Clinical update

Infection prevention and control in emergency departments during the COVID-19 pandemic

New guidelines from the Royal College of Emergency Medicine are aimed at protecting staff and patients from the spread of infectious diseases

New guidelines from the Royal College of Emergency Medicine are aimed at protecting staff and patients from the spread of infectious diseases

Socially distanced chairs in an emergency department Picture: Alamy

Essential information

COVID-19 represents a major public health challenge, putting health services and staff, including those working in emergency care, under significant pressure. People of all ages and acuities present unpredictably at emergency departments (EDs), and often little is known about them before their arrival.

New guidelines from the Royal College of Emergency Medicine are aimed at protecting staff and patients from the spread of infectious diseases

Socially distanced chairs in an emergency department Picture: Alamy

Socially distanced chairs in an emergency department Picture: Alamy

Essential information

COVID-19 represents a major public health challenge, putting health services and staff, including those working in emergency care, under significant pressure. People of all ages and acuities present unpredictably at emergency departments (EDs), and often little is known about them before their arrival.

Although attendances in June 2020 were down 33% compared with the same month last year, the risks posed by COVID-19 mean there is still a need to increase the level of protection provided to patients, alongside preventing staff from acquiring COVID-19.

What’s new?

The Royal College of Emergency Medicine (RCEM) has published a best practice guideline on infection prevention and control during the COVID-19 pandemic. The document’s overall aims are to prevent the spread of infectious diseases between patients, prevent patients from acquiring infection from clinical staff and prevent staff from acquiring infection in their workplace.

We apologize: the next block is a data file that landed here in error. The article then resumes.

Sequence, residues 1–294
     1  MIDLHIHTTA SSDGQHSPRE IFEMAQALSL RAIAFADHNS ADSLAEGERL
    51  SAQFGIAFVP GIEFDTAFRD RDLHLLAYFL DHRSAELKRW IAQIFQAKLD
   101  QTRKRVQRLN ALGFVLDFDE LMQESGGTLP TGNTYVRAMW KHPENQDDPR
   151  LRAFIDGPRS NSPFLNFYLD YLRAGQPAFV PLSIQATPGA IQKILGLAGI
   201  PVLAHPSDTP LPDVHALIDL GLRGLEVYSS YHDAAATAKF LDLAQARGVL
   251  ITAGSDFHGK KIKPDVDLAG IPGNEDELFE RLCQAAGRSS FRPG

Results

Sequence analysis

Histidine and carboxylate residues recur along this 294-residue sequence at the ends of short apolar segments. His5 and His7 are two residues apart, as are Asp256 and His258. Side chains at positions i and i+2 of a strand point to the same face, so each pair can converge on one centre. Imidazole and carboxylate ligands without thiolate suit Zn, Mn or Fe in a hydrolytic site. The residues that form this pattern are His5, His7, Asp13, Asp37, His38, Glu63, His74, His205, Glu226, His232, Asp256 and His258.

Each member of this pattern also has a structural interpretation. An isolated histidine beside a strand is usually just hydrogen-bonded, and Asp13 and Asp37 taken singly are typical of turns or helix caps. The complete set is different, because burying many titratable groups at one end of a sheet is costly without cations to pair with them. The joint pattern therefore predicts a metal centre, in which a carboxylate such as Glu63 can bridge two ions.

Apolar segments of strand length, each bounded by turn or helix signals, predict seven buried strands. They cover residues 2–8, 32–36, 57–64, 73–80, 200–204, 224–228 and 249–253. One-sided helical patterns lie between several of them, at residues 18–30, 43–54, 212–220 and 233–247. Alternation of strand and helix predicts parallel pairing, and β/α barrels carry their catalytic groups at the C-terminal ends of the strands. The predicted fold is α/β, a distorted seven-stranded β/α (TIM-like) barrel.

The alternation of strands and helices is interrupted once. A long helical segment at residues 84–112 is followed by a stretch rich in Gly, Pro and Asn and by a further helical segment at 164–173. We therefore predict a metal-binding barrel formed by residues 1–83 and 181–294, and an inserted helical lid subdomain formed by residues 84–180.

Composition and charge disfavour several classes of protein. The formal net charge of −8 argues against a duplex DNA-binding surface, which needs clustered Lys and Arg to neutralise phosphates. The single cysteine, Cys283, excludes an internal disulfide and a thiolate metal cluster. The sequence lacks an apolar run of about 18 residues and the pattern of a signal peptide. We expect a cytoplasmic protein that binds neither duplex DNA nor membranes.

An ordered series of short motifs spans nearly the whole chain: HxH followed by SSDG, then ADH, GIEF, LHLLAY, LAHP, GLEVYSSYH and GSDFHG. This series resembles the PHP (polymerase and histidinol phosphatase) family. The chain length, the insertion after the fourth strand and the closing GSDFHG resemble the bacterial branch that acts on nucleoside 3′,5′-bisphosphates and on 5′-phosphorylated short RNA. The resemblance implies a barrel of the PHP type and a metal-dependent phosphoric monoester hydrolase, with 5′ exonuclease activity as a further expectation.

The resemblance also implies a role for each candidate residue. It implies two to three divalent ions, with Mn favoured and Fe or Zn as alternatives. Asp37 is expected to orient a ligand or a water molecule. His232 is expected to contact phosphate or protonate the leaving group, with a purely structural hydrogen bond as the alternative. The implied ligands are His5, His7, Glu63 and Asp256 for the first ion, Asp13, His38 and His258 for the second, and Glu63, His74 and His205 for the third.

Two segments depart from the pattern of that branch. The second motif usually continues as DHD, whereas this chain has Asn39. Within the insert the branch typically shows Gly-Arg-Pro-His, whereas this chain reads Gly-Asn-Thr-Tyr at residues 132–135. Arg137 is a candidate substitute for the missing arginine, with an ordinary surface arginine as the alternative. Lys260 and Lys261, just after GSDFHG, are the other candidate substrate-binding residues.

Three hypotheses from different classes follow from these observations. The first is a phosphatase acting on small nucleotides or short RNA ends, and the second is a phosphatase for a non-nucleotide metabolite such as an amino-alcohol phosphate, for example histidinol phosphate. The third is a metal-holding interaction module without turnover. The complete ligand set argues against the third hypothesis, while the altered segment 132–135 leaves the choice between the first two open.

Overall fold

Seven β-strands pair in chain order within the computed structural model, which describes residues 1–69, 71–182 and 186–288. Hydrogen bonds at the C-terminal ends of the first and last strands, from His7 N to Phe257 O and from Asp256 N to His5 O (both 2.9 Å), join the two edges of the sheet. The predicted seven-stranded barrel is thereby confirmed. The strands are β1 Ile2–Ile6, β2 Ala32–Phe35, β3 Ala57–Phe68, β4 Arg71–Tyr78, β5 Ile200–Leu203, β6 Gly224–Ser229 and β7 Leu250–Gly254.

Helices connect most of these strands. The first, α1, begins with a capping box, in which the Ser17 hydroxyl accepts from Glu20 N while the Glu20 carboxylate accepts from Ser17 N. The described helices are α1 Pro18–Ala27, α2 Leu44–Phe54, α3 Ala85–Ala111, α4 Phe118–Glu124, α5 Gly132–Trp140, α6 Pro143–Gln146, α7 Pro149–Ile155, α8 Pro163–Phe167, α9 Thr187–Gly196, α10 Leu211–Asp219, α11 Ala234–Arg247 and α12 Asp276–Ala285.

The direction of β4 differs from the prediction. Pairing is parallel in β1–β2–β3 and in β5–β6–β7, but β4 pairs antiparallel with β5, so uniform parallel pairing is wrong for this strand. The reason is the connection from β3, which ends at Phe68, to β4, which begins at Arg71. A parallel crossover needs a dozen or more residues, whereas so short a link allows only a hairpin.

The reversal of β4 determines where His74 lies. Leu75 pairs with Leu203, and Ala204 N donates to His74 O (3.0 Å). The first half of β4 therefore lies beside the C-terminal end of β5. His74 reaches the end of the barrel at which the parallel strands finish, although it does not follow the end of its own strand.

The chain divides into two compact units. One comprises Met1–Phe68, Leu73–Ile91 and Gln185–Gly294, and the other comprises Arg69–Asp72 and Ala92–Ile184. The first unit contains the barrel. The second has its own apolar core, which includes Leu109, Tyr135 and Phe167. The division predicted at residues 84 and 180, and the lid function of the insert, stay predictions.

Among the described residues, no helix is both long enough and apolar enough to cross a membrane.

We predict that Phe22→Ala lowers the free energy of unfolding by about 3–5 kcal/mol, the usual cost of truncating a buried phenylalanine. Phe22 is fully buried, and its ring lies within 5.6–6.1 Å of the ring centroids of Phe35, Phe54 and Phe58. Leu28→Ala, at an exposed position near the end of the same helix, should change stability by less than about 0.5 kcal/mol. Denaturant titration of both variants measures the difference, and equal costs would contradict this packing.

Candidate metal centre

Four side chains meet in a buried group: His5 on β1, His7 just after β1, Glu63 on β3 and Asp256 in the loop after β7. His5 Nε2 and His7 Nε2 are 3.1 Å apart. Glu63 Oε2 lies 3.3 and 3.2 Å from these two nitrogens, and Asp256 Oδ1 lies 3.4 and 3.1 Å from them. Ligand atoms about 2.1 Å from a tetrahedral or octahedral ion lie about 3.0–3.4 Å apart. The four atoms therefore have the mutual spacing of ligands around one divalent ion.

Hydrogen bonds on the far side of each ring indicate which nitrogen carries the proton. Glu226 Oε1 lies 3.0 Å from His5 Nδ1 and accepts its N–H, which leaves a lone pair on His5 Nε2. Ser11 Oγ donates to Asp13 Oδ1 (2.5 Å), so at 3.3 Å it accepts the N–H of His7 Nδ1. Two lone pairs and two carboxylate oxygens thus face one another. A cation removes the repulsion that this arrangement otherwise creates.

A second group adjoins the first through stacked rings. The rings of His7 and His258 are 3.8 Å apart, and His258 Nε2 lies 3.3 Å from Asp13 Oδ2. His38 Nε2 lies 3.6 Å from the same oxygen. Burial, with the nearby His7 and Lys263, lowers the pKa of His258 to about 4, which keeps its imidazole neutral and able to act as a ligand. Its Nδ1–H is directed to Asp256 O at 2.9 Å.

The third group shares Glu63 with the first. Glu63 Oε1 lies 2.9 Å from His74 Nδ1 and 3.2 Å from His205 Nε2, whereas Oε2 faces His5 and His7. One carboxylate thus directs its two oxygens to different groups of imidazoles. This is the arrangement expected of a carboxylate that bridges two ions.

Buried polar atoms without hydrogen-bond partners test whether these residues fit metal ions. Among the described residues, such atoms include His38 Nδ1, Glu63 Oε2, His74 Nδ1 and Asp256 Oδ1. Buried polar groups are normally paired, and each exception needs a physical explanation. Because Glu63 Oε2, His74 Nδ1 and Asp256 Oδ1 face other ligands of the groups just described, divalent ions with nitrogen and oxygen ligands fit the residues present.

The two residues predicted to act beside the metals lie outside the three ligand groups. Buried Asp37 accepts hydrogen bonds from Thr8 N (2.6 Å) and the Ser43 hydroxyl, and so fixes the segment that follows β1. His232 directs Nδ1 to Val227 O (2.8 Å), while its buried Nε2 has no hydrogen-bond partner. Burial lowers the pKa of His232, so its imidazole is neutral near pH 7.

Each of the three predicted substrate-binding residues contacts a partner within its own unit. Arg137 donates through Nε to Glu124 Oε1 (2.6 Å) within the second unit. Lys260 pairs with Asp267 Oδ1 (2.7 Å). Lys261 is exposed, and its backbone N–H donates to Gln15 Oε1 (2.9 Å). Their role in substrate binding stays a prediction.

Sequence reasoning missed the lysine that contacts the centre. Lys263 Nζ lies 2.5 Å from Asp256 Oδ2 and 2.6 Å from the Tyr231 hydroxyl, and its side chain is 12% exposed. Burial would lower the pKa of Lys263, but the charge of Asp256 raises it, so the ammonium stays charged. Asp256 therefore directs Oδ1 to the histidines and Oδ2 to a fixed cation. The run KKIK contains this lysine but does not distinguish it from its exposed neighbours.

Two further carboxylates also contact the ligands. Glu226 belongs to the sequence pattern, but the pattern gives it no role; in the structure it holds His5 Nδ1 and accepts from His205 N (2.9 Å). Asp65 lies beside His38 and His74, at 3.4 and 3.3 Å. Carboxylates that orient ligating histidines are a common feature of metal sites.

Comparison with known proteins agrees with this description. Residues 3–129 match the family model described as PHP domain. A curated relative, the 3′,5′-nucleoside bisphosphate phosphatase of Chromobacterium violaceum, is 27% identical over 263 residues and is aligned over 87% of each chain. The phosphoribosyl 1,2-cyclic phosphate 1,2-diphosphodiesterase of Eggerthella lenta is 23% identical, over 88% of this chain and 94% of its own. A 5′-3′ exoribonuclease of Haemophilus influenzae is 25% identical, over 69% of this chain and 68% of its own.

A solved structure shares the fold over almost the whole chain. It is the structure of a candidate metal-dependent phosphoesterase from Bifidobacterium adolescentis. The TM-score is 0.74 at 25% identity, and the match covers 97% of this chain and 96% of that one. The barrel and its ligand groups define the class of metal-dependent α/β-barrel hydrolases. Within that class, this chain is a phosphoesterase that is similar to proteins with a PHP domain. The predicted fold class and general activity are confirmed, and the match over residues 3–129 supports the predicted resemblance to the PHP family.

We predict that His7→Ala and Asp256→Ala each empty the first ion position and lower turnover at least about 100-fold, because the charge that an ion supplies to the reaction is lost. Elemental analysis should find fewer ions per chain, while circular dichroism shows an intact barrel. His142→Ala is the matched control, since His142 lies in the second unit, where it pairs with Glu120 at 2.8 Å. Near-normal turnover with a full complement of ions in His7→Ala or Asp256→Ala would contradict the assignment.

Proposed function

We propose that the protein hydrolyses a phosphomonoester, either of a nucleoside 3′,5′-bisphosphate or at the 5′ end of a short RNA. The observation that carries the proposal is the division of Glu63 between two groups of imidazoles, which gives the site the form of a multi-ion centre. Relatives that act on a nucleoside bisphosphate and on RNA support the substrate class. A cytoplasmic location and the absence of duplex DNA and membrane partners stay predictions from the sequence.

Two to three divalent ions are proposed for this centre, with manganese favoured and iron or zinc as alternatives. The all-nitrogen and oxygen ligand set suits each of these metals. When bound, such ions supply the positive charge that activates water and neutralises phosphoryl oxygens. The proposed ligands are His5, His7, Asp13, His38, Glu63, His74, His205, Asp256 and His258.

Key recommendations

  • ED waiting rooms should implement social distancing of two metres, identifying the maximum occupancy of waiting and clinical areas to allow safe distancing. Reception areas should be modified and fitted with screens.
  • ‘Outbreaks are commonly linked to non-clinical areas,’ says the guidance. Social distancing should also be implemented in communal spaces, further mitigating risks, with provision of personal protective equipment (PPE), increased frequency of cleaning and staggering of staff breaks.
  • On arrival, all patients should be screened for symptoms of COVID-19 and other infectious diseases needing isolation. Staff should wear sufficient PPE to be able to provide immediate care to someone before their infectious status is known.
  • Multiple, repeated clinical assessments should be avoided unless strictly necessary, with the aim of minimising the number of clinical interactions with patients.
  • Keeping the department clean should be a collective responsibility for all staff, with initiatives to encourage engagement.
  • Access for visitors should be restricted, with case-by-case exceptions for patients who are critically ill, dying, socially vulnerable or children.
  • Staff should make sure they are easily identifiable while wearing all levels of PPE, including their name and role.
  • There should be adequate supplies of PPE for all staff, including support workers. To ensure it is worn appropriately, comfort should be a priority.
  • Patient care equipment should be single-use if possible.

View our COVID-19 resource centre

How you can help your patients

Nurses can play a vital role in helping to reassure patients who may feel afraid at seeing staff wearing PPE.

This includes children and those who are vulnerable. Use clear communication that explains more about PPE in a variety of different formats, including posters and leaflets. Photographs showing how someone looks underneath their PPE may help to allay fears.

Expert comment

RCN professional lead for acute, emergency and critical care Anna Crossley
Anna Crossley

Anna Crossley is RCN professional lead for acute, emergency and critical care

‘This Royal College of Emergency Medicine guidance highlights the infection prevention and control challenges in emergency departments (EDs) as a critical point of COVID-19 transmission.

It is important that service managers and clinical commissioning groups understand the unique place of EDs in the COVID-19 pandemic, as people present to hospital with acute care needs.

As the guidance says, we need to focus on the needs of healthcare workers delivering care in a challenging environment. If staff spend long periods wearing personal protective equipment, we must take into account adequate breaks to rest, refuel and rehydrate, and the importance of skin care.

‘While social distancing may present challenges, such as in staff rooms and canteens, staff must be given adequate time to rest for their physical and mental well-being. As the pandemic evolves we are constantly learning, and this guidance will add to the global picture.’


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